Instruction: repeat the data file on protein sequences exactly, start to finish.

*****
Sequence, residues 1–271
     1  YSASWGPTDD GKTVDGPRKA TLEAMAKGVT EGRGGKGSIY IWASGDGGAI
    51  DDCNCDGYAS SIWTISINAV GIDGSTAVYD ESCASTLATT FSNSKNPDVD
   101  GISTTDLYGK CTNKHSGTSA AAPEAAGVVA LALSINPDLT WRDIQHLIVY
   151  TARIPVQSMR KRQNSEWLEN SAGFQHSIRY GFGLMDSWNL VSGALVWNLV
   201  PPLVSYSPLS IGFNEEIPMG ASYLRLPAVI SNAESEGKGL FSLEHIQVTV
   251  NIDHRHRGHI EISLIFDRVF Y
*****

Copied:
Sequence, residues 1–271
     1  YSASWGPTDD GKTVDGPRKA TLEAMAKGVT EGRGGKGSIY IWASGDGGAI
    51  DDCNCDGYAS SIWTISINAV GIDGSTAVYD ESCASTLATT FSNSKNPDVD
   101  GISTTDLYGK CTNKHSGTSA AAPEAAGVVA LALSINPDLT WRDIQHLIVY
   151  TARIPVQSMR KRQNSEWLEN SAGFQHSIRY GFGLMDSWNL VSGALVWNLV
   201  PPLVSYSPLS IGFNEEIPMG ASYLRLPAVI SNAESEGKGL FSLEHIQVTV
   251  NIDHRHRGHI EISLIFDRVF Y